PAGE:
Which way do I go?

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Steve Bowman

Every time we launch our boats, we face the question: Which way do I go? Well, this time of year, that question becomes even more complicated because of overlapping seasons.

For the next several weeks, a lot of lakes in the country will have some fish in their fall patterns and some moving into their winter patterns. Some people might view this as a limitation, but I’ve always considered it a great opportunity.

Let me explain this.

If I’m given the choice of what to fish, I’ll choose the winter pattern because it’s more predictable. The fish have reached where they’re going and will be there a while.

Fall patterns are usually more exciting because the fish are still on bait and they’re feeding aggressively. But they’re traveling; they’re coming out of the summer pattern and they’re constantly on the move.

You might have a great day in practice but then lose them the next day. It’s definitely a give-and-take scenario, but fall patterns can be really frustrating.

What’s happening right now is the exact opposite of what happens in the spring when the upper end of the lake warms first because it’s shallower and more influenced by the sun. So the backs of those creeks warm and then that warmth moves on down the lake and over that deep water.

A lot of guys are programmed to look for that warmer water in the spring, and they carry that over into the fall. But when I used to run that late fall/early winter patterns on the lakes near my home, there would be nobody up there on the upper end.

They’d see that 58- to 59-degree water down on the lower end, while I’d run to the upper end and fish that 48- to 49-degree water and you’d never see anybody. They were looking for more active fish, but what I was targeting was more predictable. It was basic wintertime fishing with jerkbaits, finesse jigs and crankbaits.

Now, I’m not going to say I won’t fish a fall pattern; I’ve actually had some great success doing that. But you have two different choices this time of year, and a person needs to stick with the one that A) they’re most comfortable with and B) the one they think is going to last, not only over one or two days, but for a few weeks.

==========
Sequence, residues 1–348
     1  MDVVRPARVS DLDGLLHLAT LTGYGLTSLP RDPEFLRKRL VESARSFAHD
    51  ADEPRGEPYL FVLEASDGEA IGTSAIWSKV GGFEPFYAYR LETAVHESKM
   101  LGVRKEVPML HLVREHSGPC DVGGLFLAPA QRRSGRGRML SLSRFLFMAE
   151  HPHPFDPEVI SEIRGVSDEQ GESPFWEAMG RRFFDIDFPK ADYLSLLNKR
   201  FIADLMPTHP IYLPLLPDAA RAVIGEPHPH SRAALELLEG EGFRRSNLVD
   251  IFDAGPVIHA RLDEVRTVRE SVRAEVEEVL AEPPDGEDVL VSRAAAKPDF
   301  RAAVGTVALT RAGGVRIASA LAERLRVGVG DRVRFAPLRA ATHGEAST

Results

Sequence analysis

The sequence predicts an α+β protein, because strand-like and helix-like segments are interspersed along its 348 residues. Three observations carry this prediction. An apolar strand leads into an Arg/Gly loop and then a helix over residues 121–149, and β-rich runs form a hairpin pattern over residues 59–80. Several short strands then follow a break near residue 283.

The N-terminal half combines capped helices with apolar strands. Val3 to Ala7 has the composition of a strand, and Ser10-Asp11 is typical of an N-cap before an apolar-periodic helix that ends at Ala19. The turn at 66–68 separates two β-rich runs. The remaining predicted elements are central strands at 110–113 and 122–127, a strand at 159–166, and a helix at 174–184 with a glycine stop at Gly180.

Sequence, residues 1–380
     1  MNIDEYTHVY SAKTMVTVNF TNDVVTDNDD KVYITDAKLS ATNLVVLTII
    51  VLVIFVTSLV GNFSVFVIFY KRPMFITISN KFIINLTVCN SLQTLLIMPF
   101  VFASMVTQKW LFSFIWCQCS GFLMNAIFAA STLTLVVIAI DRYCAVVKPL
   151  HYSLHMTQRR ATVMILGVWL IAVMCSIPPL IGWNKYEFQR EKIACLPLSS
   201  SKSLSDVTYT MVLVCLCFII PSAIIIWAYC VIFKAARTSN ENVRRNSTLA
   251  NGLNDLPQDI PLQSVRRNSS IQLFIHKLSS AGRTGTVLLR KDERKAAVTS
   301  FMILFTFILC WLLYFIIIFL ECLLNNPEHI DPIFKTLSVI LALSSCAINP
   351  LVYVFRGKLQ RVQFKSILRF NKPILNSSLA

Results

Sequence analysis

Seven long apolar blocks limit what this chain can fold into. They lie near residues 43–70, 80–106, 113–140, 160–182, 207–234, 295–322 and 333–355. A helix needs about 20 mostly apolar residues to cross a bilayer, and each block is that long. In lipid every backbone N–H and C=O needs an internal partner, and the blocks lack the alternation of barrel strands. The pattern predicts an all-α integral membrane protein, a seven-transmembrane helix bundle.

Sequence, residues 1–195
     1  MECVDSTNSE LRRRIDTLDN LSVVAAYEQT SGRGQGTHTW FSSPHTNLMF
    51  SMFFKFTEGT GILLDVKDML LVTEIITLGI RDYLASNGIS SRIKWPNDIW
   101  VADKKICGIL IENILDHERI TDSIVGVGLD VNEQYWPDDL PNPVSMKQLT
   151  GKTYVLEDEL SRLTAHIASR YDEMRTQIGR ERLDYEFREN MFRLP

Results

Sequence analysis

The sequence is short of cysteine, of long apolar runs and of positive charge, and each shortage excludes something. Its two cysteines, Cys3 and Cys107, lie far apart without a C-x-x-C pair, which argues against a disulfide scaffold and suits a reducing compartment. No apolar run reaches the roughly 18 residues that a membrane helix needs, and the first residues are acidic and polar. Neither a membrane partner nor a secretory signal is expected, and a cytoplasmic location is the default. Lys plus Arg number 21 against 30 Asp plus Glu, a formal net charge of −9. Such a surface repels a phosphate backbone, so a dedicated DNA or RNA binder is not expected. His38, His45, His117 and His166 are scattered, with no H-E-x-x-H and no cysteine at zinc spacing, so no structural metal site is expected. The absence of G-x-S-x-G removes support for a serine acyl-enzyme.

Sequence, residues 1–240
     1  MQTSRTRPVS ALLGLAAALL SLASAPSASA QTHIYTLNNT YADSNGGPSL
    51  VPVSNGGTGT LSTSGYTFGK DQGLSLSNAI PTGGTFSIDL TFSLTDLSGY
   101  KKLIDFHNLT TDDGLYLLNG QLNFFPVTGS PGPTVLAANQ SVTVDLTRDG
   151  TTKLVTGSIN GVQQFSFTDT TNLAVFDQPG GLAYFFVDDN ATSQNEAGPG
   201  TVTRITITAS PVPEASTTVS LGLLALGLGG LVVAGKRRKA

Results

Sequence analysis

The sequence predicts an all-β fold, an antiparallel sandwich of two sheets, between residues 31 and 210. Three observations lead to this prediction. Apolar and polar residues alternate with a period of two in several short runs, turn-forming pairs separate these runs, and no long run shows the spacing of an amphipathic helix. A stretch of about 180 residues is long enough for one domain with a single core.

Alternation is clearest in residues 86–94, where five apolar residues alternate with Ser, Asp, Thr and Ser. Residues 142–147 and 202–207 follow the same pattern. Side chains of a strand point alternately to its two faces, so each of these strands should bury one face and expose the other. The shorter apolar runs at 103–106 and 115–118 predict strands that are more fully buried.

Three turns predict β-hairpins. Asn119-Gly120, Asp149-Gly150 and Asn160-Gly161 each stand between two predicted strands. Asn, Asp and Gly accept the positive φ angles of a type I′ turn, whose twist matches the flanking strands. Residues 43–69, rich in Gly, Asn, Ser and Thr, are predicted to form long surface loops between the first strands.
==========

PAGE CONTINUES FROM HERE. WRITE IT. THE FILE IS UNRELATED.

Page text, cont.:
We always talk about staying in front of the fish, and I feel like if I fish that wintertime pattern, I’m fishing where they’re coming. Even though there are already fish in that area, there are probably more fish that are coming. If you’re fishing that fall feeding pattern, a lot of the fish are going away from you.

Sometimes, you can fish both patterns in one day, but you have to pay attention to the conditions. I can remember running to the upper end of the lake or the back ends of the big creeks to fish a wintertime pattern in the morning and then maybe midday or so I’d move down to the lower end where the water is still warmer and those fish are more aggressive.

It seems a lot of those fish will feed early in the morning and late in the afternoon, so I’ll run both of those patterns to get the most out of a day. 

A lot of guys may think that’s the opposite; they might think you should wait until the water on the upper end warms up a little bit. But once that cold water sets in, it’s there to stay through early spring.

So, as far as my bait choices for the winter pattern, I like a 3/8- to 1/2-ounce Booyah Finance jig with a YUM Craw Pappy, a Smithwick Rogue Perfect 10 and a Bandit 300 crankbait. I’ll also include that Bandit 300 if I’m fishing a fall pattern, but I’ll add a 1/2-ounce Booyah buzzbait and a 1/2-ounce double willow Booyah spinnerbait.

This is a diverse time of year, and I feel confident that this selection of baits will allow me to take advantage of whatever this overlapping season offers.